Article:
Fort Worth Wrongful Death Attorneys
Legal Action Can Help You Grieve
It is important to allow yourself to grieve fully and healthily after you lose a loved one to an accident. Although it might not be the first thing on your mind, filing a wrongful death claim against the party that caused you so much harm could actually help you with your grieving process. A successful claim can bring you financial stability again, which lets you focus on your emotions and on taking care of other family members and friends who need support, too.
Our Fort Worth wrongful death lawyers from Morris & Dewett Injury Lawyers would be honored to help you understand and use your legal rights during such a trying time. While you take care of yourself, we can advance your case on your behalf. Let us deal with insurance companies, legal questions, and other miscellaneous processes to make your case the best that it can be. You just focus on other important matters.
Wrongful Death Defined in the Law
Under Texas law, a death is considered a “wrongful death” if it was caused by a person’s “wrongful act, neglect, carelessness, unskillfulness, or default.” In so many words, this law means that a death is wrongful and can be met with a civil injury claim if it occurred due to someone else’s mistake or intentional wrongdoing. Another way to think about it is this: If the deceased person had survived their injury or illness and been able to file a personal injury claim against the liable party, then the family members of that deceased person can file a wrongful death claim because they did not.
Can You File a Wrongful Death Claim?
In Texas, the following parties can file a wrongful death claim:
- Surviving spouse
- Surviving child
- Surviving parent
Typically, one such person will file the wrongful death claim on behalf of all eligible parties and claimants. If the case is a success, then any proceeds that do not go to the deceased person’s estate will go to the claimants as it would in a personal injury case. If no such potential claimant takes legal action within three months of the death in question, then an estate administrator can pursue the claim instead. Although, the original claimants can block legal action from an administrator or personal representative if they wish.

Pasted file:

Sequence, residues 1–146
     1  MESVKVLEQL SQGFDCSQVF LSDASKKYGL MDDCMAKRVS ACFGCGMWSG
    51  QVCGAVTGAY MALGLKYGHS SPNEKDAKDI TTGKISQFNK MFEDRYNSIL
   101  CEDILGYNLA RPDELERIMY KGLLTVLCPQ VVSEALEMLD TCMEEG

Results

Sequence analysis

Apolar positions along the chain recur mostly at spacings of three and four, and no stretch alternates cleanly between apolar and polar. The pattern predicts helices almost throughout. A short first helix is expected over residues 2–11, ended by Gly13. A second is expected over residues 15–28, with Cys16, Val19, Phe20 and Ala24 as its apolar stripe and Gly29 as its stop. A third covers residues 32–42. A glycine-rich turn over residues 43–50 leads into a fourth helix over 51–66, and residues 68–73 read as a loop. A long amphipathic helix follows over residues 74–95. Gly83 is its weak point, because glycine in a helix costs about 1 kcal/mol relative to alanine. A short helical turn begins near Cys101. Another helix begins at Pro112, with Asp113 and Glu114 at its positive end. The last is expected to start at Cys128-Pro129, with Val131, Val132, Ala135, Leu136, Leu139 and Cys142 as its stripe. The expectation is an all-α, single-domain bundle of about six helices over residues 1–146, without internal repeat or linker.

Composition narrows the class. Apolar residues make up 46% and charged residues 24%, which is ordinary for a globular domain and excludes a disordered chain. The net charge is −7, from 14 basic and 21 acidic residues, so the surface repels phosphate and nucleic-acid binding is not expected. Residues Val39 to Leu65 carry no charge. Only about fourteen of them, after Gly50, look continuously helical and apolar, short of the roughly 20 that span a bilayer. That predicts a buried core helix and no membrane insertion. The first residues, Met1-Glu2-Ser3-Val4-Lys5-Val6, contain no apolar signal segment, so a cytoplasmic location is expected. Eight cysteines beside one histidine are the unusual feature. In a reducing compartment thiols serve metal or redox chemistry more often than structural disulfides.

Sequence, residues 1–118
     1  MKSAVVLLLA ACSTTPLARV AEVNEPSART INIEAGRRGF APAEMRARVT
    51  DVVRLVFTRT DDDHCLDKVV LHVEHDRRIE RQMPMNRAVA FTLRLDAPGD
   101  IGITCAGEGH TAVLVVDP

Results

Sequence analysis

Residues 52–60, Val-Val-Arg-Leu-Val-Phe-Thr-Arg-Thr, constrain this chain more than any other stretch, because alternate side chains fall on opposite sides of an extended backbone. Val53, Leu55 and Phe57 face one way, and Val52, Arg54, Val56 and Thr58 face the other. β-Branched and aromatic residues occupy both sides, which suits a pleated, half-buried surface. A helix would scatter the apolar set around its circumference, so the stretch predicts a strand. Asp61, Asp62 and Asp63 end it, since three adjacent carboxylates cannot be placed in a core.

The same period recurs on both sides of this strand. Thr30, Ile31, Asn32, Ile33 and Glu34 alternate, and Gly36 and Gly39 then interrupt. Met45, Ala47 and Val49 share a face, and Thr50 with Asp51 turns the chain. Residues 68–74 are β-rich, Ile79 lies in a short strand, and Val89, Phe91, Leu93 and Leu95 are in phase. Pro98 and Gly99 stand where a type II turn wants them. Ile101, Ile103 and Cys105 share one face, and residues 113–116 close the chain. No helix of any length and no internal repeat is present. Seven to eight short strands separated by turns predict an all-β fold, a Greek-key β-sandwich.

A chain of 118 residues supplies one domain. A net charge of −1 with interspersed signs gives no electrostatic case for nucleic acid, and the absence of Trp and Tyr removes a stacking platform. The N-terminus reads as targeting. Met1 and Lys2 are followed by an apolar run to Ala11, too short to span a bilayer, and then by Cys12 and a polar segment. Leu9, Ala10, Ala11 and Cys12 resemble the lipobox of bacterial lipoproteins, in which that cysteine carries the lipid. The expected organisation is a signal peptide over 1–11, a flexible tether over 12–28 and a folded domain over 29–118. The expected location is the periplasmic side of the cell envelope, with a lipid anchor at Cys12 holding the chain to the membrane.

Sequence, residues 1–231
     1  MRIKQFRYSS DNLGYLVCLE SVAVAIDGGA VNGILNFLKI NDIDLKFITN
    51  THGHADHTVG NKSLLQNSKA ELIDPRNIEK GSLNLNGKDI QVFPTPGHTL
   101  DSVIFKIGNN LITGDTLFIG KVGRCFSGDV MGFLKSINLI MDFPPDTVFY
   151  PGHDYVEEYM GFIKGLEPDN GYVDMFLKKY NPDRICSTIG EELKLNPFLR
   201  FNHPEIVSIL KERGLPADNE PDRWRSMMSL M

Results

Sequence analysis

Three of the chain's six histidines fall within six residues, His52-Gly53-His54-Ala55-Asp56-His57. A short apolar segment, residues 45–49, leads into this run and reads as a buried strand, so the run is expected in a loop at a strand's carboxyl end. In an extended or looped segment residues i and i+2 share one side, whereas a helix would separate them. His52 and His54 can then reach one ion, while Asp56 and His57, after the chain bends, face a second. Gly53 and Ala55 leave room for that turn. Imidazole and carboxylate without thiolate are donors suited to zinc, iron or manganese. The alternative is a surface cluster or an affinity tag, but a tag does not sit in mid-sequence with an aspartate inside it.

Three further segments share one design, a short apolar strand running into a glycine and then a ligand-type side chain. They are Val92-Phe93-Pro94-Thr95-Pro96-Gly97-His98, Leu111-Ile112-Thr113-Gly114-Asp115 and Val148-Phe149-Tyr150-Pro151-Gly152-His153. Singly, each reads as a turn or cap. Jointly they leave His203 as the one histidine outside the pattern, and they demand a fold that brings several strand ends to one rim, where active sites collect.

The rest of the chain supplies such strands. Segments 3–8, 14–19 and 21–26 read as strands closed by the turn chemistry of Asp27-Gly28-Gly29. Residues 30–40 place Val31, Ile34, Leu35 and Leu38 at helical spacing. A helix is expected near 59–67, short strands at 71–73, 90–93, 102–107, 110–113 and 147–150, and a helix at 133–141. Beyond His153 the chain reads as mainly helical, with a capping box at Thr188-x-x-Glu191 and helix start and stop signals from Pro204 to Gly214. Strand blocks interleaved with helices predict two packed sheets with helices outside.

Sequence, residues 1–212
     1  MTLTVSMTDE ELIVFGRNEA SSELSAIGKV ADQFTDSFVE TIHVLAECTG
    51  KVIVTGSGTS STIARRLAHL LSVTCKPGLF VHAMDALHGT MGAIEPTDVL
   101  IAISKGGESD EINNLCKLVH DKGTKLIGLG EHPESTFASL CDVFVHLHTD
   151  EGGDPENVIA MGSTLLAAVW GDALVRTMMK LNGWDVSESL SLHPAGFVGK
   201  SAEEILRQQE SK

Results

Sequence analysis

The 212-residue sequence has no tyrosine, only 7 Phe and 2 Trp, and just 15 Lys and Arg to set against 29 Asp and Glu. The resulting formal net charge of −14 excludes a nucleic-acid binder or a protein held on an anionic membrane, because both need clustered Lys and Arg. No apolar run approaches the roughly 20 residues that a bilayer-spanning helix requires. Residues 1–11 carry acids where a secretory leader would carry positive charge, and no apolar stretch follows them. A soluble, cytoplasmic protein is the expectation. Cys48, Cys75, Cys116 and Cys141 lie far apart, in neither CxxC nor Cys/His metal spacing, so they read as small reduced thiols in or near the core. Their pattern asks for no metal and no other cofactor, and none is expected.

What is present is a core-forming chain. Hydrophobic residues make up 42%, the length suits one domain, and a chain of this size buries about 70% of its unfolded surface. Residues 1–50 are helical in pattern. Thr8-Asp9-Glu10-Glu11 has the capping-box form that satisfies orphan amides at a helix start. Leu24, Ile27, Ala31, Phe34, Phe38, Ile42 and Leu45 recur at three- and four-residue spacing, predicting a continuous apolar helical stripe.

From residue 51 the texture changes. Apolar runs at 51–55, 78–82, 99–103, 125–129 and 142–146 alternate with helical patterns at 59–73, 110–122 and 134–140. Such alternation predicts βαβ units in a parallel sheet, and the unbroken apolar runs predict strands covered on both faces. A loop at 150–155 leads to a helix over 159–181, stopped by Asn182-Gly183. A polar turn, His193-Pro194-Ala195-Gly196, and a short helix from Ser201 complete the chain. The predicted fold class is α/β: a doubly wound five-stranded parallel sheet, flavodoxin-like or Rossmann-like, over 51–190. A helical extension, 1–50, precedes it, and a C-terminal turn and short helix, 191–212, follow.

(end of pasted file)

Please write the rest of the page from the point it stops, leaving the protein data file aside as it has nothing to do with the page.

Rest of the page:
What Compensation Can You Receive?
It is obvious that no amount of money can undo the pain you have endured and will continue to live with after losing a loved one too soon. But it is also clear that peoples’ lives tend to get easier and more comfortable after receiving fair compensation to keep various bills from stacking up, especially when the deceased person was the family’s main source of income. We would like to sit with you to explain the various damages that could be available to you and your family through a wrongful death claim, and why you should not feel bad for wanting to pursue them.
You might be able to get an award or settlement that compensates you for these losses and more:
- Income the deceased would have earned in life
- Day-to-day and household services provided by the deceased
- Comfort and companionship you felt around the deceased
- Inheritance you will not receive due to the untimely passing
Texas wrongful death law also allows you to cite your own emotional pain and mental anguish as non-economic damage. The more you have been devastated by the loss, the more you can reasonably demand in compensation. Part of our job as your chosen legal representatives will be to ensure that you are given an amount that fairly reflects what you have been through.
Please Reach Out Today – We’re Here to Help
You only have two years since your loved one’s passing to take legal action against the negligent party that caused it. Grief makes time move quickly, so it can be surprising just how soon that statute of limitations draws nearer. To allow yourself the time to grieve without risking your chances of seeking justice and compensation through the Texas legal system, talk to our Fort Worth wrongful death attorneys today.
To make everything a bit easier for you, we offer no-cost, no-obligation case evaluations.